Shumba, and Chivi District Co-ordinating Committee chairperson, Sanders

      Five other party officials in Chivi were also suspended for
allegedly campaigning against Mumbengegwi during last year's general and
senatorial elections.

      The Masvingo provincial executive has also recommended that the
Zanu PF central committee suspend former Masvingo provincial governor,
Hungwe, after it failed to suspend him because he is a member of the ruling
party's central committee.

      A Zanu PF insider, who declined to be named told The Standard
that Mumbengegwi and Dzikamai Mavhaire, the provincial political commissar
were on a revenge mission against Hungwe's faction, blaming it for their
downfall in party politics over the years.

      Mavhaire, who could not be reached for comment yesterday, was in
the political wilderness for several years and only bounced back last year
after aligning himself to Masvingo's young Turks such as Masvingo South MP
Walter Mzembi, who revived the Zvobgo faction.

      A source in the executive said there was no consensus on the

      "Mumbengegwi and Mavhaire are fighting their personal
differences with other members at the expense of the party. At the end of
the day it is the party that will be affected. They should settle their
differences alone," said the official.

      Mumbengegwi who was beaten by Maziriri in the party primary
elections last year also accuses Hungwe's faction of having links to the
United People's Party led by former Masvingo provincial chairman, Daniel
Shumba. Hungwe denies the allegations. Among some of the prominent Masvingo
Zanu PF provincial executive members opposed to the suspension is Kudzai
Mbudzi, the secretary for economic empowerment and indigenisation.

      Mbudzi was quoted recently saying: "There are some people here
who would want to use the platform of the provincial executive to fight
their own political adversaries. If we allow the chairman to use the
province to fight personal political battles, I will also do the same when I
become the provincial chairman tomorrow."

       Mumbengegwi told The Standard that he was not aware of any
suspensions in Masvingo.

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CHRA 'overwhelmed' by complaints over Zesa power cuts

Zim Standard

      By Our Staff

      THE Combined Harare Residents' Association (CHRA) reports that
it is overwhelmed by complaints from people who have lost their electrical
appliances as a result of untimely power cuts and electrical surges by the
Zimbabwe Electrical Supply Authority (ZESA).

      Last month, ZESA introduced load-shedding on the back of an
increase in demand for power that is normally associated with the cold

      However, The Standard understands that many people are losing
household appliances such as televisions, stoves and refrigerators as high
voltage power surges destroy their gadgets.

      CHRA Information officer, Precious Shumba, says since the power
cuts started early last month the association has been inundated with
complaints from residents from suburbs such as Waterfalls, Mufakose, Glen
Norah, Highfield and Belvedere whose electrical goods have been damaged.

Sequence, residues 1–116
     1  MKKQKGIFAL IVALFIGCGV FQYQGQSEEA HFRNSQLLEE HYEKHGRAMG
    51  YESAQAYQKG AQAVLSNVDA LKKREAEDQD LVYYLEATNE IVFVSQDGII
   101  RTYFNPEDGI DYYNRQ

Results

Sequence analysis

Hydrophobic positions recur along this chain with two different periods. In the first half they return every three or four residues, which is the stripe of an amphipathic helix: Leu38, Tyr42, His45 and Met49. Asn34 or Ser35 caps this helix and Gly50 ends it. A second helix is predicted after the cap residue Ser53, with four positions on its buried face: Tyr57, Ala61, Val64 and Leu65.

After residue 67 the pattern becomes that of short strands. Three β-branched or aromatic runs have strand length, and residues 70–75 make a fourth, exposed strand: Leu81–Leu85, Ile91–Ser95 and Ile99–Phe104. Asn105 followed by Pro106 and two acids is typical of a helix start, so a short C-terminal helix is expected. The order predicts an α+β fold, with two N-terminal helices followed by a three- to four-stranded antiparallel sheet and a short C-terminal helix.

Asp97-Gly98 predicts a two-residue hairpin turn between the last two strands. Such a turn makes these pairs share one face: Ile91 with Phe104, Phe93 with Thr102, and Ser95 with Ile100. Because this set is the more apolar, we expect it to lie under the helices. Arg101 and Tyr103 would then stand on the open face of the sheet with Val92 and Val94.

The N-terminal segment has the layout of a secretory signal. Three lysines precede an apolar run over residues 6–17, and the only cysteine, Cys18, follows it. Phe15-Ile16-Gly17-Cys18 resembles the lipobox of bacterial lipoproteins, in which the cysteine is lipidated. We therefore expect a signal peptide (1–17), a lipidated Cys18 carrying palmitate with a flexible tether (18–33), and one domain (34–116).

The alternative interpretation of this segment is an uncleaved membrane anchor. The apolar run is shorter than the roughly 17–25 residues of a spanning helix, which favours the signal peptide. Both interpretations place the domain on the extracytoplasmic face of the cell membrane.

CHRA reports that at least 80 households in Waterfalls lost
electrical gadgets as a result of a recent power cut that lasted almost
three weeks.

      Shumba said the numerous complaints of damage to property due to
power cuts are proving a "major problem" and CHRA is exploring the "legal
route" in partnership with its legal partners as recourse for affected

       National Constitutional Assembly chairman, Lovemore Madhuku,
said affected residents have a "legal right" to bring ZESA to a civil rights
court and sue for damages as long as they can prove that damage to their
property has been as a result of power cuts or surges.

      Madhuku said: "The power cuts by ZESA are intentional and not as
a result of electrical faults. Therefore ZESA have an obligation to warn
residents prior to any power cuts. ZESA must be answerable to any damages in
property arising due to their failure to warn people."

      Asked whether the courts would not be overwhelmed by cases from
individuals suing ZESA, Madhuku said it is another issue whether or not the
courts have the ability to listen to all these cases as the bottom line is
that individuals have a legal right to do so.

      A snap survey conducted by The Standard in the central business
district showed that the cost of electrical goods has sky-rocketed over
recent months with the cost of replacing them, in the event of damage,

      Durable television sets with brand names such as Sony, Philips
and Panasonic are selling in the region of $60 million to $250 million.
Refrigerators with brand names such as Defy, Kelvinator and Imperial now
cost between $100 million and $450 million.

       Some affected residents who spoke to The Standard said they are
irked by the lack of concern the power utility has shown for their property
by cutting electricity without any notice. They say that ZESA "played them
for fools" by publishing a timetable with schedules of power interruptions
in various suburbs that it has failed to adhere to.

      Tinashe Chaza from New Marimba says his family lost a television
set last month and has failed to repair it due to the high cost of doing so.

      Caroline Kizito from Waterfalls says it has become increasingly
difficult to plan anything because of the untimely power cuts.

      Reached for comment ZESA spokesperson, James Maridadi, said the
loss of property as a result of the power cuts was "very unfortunate" and
urged people to use surge protectors to avoid damages to their appliances.

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Subsidies cost Zimbabwe $125 trillion

Zim Standard


      ZIMBABWE has lost a staggering $124.9 trillion to maintain
subsidies, the Confederation of Zimbabwe Industries (CZI) has said.